Marriages are work. Sometimes, you need a break from it. You and your spouse may decide to separate. In some states, a legal separation is required before you can file for divorce with the idea that during the separation, you can decide if divorce is indeed what you want. Regardless of the reason for the separation, you should do it right. There are things to consider, like property and children, that can make a separation messy if you don't put some thought into it first.
Legal Separation in Texas
We've all heard the term “legal separation” used, but what is it exactly? How does it differ from a divorce?
Legal separation, unlike a non-legally binding separation, typically means a court has approved the separation and the agreement, which outlines things like property and asset division, child custody, and financial responsibilities, including alimony and child support. When two parties are legally separated, they live separate lives as though they are divorced but are still actually married. A divorce, on the other hand, means that the parties are no longer married and are free to marry someone else if they choose.
There are different reasons why couples choose to pursue a legal separation rather than a divorce. Some see a legal separation as a time to take a break from a marriage when they are still unsure they want a divorce. Others choose a legal separation for religious reasons.
What are the Grounds for Legal Separation in Texas?
Generally, the grounds for legal separation are similar to the grounds for divorce. Examples of what may be considered grounds for legal separation include:
- Domestic Violence
Can a Legal Separation include Spousal Support, Child Custody, and Child Support?
Yes, a legal separation may include matters typically addressed in a divorce, including spousal support, child custody, and child support.
Spousal support is money that one spouse is court-ordered to pay another spouse. The courts consider different factors when determining whether or not to order spousal support, such as the reason for the separation, the age of the parties, and the financial condition of each party.
Child custody is a hot topic when couples separate. The court will issue an order that defines who and when one party has custody of the children. The order stays in place until the parties divorce or reconcile. If the parties choose to divorce, a child custody arrangement already in place may be used to determine the best plan for child custody in the final divorce papers. Child custody is a matter separate and apart from child support.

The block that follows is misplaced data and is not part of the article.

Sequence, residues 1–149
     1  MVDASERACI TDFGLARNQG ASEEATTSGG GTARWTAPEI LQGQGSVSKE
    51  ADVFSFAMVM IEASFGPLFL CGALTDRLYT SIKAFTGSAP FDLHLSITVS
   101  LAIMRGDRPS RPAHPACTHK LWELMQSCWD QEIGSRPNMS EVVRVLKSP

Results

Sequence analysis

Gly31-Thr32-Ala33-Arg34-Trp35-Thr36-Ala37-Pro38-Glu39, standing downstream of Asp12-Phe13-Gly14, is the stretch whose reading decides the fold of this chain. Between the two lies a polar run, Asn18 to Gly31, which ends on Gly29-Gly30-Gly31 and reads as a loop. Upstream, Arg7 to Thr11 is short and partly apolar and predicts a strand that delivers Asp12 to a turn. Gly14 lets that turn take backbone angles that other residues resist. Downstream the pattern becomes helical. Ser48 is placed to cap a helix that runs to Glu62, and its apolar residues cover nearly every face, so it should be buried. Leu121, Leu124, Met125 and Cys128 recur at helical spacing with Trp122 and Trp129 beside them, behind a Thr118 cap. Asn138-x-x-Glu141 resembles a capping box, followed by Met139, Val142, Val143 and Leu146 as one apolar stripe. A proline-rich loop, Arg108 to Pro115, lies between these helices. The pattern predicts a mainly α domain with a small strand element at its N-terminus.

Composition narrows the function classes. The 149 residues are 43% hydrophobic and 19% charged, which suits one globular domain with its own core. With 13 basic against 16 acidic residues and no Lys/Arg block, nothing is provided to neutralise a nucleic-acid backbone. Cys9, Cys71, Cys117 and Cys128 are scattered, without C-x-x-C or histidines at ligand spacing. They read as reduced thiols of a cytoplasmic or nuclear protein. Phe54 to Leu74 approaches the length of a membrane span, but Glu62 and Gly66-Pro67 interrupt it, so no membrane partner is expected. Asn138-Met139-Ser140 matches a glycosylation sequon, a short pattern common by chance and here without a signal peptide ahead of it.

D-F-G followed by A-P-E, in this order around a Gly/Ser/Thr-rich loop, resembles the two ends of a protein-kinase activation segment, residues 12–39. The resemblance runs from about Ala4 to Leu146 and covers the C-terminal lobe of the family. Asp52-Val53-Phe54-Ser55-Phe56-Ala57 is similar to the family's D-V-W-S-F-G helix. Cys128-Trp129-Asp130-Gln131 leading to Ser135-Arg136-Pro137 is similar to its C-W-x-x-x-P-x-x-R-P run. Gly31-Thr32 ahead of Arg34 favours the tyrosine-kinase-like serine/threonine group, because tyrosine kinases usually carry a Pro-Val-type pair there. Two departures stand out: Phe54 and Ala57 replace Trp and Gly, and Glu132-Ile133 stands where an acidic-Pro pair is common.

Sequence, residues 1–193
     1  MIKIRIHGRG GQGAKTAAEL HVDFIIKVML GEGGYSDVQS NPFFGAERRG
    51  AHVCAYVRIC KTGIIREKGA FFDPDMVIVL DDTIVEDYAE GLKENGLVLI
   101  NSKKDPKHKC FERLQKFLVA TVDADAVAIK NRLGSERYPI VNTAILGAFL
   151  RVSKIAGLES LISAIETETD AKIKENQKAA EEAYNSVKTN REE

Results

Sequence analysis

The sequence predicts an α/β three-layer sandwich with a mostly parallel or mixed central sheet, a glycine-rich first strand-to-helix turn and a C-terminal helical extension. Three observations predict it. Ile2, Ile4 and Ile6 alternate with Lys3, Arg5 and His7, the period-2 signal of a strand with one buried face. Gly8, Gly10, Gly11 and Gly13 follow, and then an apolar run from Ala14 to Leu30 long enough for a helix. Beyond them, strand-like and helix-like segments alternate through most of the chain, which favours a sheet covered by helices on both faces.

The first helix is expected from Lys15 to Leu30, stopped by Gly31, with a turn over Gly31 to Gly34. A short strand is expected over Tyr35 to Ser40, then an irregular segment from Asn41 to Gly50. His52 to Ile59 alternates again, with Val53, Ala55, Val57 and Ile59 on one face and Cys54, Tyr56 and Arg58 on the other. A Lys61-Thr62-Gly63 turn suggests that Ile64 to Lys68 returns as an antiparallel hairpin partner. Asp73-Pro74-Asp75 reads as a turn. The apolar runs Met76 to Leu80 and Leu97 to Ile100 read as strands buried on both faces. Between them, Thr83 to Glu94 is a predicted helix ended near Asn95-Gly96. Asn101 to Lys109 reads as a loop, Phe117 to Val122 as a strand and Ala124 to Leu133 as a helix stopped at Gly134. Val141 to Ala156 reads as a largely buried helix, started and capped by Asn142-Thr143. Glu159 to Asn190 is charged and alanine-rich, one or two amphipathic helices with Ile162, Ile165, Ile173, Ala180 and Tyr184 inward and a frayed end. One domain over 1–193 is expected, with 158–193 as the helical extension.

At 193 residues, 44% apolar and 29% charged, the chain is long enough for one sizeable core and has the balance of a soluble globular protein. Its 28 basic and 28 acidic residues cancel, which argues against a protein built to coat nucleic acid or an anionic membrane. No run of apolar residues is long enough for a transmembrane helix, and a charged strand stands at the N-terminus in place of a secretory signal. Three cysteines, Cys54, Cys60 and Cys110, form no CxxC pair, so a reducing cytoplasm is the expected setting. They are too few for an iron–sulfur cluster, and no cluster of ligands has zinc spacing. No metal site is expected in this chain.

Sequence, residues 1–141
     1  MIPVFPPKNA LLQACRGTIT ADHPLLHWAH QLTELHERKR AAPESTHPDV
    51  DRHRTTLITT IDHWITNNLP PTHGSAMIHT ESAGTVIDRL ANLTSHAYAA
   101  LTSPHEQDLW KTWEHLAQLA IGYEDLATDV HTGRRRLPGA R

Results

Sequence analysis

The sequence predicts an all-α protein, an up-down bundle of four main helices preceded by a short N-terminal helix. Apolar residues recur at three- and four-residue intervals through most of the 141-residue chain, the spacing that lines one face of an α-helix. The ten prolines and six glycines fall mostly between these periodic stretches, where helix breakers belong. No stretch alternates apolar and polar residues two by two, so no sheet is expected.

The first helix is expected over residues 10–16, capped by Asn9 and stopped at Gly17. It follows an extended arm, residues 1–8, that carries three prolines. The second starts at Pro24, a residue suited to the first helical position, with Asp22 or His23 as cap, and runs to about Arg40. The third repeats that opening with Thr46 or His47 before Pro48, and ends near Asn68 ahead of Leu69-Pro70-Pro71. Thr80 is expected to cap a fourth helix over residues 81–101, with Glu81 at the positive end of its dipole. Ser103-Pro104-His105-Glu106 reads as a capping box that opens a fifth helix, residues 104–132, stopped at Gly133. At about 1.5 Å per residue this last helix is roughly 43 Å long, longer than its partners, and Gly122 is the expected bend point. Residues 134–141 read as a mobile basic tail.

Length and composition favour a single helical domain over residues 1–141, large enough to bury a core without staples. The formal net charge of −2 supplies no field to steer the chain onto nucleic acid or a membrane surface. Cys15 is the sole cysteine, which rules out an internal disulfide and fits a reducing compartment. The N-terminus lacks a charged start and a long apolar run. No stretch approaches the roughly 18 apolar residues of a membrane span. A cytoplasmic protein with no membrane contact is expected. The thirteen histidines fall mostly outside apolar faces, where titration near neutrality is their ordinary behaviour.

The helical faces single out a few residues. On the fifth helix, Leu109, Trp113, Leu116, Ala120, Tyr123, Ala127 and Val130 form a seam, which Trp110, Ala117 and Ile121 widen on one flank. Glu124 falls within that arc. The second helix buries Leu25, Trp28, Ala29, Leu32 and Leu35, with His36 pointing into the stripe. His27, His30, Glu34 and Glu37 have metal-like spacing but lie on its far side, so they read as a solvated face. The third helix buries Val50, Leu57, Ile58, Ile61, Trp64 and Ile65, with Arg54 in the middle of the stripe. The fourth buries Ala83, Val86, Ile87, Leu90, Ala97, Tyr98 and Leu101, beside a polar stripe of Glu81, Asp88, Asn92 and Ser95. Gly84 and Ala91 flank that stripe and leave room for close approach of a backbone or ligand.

When parties are legally separated, the amount of child support that shall be paid from one party to another can be addressed. Some of the factors that a court may consider when deciding whether or not to award child support, and in what amount, include:
- Time spent with each parent
- Income of each parent
- Any special needs the child may have
A child support calculator, based on these and other monetary factors, is used to determine the amount.
How can a Family Law Attorney in San Antonio Help with a Legal Separation?
If you are married and considering a legal separation, a family law attorney can help you throughout the process. By sitting down and learning the particulars of your situation, a family law attorney in San Antonio can advise the best way to proceed under the laws of your jurisdiction. They can help you:
- Determine whether or not you are entitled to spousal support, and the amount
- Determine whether or not you are entitled to child support, and the amount
- File and serve any necessary paperwork on your behalf
- Proceed with a divorce
Ultimately, an attorney is someone who knows the law and is your advocate, making sure that you and any children receive what's in your best interests.